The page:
Adolescent and parental smoking status
Adolescents' smoking was assessed by questioning the participants "How often do you currently smoke cigarettes (or tobacco)?" Answer categories ranged from never to everyday. Parental smoking was assessed by questioning adolescents "Does your father smoke?" and "Does your mother smoke?" Answer categories were: yes/no. Additionally, participants were asked if any family member smoked in the place where adolescents did their homework or spent their free time. Answer categories were: yes/no.
Family socioeconomic status
To assess SES, the Family Affluence Scale [FAS;] was used, addressing issues of family car ownership, having their own unshared room, the number of computers at home and time the adolescent spent on holiday in the past 12 months.The FAS was collected from adolescents in seven categories (from 0 the lowest, to 7 the highest FAS category) and was re-coded into three groups in the analysis (low FAS level (0-3), intermediate (4-5) and high FAS level (6-7)). The psychometric properties of the FAS are acceptable and support its use as a self-reported adolescents' measure .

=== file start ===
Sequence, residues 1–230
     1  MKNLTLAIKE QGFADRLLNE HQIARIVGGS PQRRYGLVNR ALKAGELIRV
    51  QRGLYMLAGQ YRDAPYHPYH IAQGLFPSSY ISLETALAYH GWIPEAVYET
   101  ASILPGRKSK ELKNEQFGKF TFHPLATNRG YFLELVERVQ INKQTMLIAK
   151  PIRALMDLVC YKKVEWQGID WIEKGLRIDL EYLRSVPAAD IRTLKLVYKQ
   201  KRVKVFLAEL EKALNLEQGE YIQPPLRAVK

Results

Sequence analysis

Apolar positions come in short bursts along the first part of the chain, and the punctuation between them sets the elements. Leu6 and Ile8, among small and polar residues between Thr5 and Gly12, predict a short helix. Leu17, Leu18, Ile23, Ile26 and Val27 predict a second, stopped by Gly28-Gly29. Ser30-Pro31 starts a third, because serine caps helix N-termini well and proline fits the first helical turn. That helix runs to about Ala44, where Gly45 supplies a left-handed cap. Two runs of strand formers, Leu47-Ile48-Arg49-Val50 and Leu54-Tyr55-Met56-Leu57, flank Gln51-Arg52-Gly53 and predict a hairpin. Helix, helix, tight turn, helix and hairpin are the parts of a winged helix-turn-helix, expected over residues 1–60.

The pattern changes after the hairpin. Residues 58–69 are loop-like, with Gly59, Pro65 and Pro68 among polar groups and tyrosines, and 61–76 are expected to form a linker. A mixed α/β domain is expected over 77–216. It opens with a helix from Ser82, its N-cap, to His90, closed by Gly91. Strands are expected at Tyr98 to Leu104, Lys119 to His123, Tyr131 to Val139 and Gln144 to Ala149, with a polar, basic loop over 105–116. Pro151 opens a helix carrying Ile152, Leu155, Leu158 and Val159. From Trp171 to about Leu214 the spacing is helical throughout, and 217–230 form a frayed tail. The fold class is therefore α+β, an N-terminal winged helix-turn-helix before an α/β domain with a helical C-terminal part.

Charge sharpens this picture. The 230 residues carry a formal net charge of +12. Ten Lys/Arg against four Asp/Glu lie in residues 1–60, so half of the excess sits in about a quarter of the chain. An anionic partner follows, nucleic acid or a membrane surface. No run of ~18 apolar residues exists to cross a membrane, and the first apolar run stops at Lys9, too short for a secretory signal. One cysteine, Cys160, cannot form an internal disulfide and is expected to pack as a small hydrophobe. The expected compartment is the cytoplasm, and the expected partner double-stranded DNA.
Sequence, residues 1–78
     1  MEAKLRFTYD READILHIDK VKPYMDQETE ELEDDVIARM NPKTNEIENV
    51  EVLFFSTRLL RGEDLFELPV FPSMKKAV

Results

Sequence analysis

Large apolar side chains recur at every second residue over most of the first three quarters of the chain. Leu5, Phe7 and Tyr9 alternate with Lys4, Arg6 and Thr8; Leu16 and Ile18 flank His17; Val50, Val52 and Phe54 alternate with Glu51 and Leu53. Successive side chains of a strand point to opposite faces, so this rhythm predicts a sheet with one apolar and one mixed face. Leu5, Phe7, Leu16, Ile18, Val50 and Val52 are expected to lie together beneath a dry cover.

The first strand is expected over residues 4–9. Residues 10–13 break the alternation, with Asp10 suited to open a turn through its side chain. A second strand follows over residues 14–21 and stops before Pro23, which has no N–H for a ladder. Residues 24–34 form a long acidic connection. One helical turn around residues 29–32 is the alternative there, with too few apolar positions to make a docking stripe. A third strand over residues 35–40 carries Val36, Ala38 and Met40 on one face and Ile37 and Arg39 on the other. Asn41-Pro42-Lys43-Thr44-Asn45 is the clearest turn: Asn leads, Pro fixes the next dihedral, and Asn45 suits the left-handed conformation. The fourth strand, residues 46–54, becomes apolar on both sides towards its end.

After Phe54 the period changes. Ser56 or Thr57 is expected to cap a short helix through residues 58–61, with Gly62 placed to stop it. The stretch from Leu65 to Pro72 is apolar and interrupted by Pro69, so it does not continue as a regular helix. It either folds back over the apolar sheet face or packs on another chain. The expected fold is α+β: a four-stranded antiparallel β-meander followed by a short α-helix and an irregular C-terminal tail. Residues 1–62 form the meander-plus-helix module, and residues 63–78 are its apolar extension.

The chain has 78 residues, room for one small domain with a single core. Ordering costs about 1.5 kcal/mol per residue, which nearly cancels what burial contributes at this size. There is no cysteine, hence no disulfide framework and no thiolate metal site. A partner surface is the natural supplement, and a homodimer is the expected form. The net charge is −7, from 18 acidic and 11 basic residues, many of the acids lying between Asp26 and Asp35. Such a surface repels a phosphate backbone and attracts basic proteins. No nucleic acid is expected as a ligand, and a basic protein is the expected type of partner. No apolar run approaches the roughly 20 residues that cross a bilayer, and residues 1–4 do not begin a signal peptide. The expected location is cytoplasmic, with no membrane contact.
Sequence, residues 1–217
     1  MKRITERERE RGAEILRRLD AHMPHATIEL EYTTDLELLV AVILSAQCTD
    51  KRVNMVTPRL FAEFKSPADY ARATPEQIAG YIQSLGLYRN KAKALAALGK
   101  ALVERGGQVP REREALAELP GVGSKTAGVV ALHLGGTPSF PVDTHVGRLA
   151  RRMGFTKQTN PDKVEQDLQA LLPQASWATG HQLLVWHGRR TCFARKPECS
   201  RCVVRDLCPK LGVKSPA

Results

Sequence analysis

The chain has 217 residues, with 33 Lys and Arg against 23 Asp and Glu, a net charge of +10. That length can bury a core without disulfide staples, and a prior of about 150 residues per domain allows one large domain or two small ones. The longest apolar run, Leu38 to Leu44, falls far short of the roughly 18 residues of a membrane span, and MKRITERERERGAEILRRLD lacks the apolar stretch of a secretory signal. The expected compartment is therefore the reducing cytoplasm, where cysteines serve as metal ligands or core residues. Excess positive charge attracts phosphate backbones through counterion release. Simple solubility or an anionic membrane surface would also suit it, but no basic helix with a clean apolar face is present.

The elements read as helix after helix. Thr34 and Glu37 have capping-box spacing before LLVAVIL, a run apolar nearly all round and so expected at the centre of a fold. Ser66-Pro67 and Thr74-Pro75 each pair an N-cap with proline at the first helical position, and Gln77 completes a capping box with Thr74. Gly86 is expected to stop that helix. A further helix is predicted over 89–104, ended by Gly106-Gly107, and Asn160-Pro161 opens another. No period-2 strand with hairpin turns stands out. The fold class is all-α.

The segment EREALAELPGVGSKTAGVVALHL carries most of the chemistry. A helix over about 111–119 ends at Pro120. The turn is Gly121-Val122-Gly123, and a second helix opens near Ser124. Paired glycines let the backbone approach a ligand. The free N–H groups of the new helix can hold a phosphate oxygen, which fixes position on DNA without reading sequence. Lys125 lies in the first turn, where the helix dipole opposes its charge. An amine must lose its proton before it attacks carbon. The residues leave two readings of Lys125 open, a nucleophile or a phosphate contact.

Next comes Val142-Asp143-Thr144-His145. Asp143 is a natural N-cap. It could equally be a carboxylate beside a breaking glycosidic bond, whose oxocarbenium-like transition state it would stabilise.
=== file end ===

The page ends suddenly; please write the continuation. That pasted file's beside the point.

Adolescents' leisure time
Adolescents' leisure time was measured using the dimension 'autonomy' of KIDSCREEN-52, a generic self-reported questionnaire with good psychometric properties . This specific dimension was selected since previous literature has shown that leisure time is significantly associated with adolescents' smoking status . This dimension is intended to explore the opportunity given to adolescents to create their social and leisure time. In particular, the extent to which adolescents feel able to shape their own life as well as being able to make decisions about day to day activities is considered. The dimension also examines if adolescents feel sufficiently provided with opportunities to participate in social activities particularly in leisure activities and pastimes. It consists of 5 items, with formats using a 5-point Likert response scale and the recall period being 1 week. Rasch scores are computed and transformed into T-values with a mean of 50 and a standard deviation of 10; higher scores indicate better physical well-being. The internal consistency coefficient for the autonomy score was 0.84 in the present sample.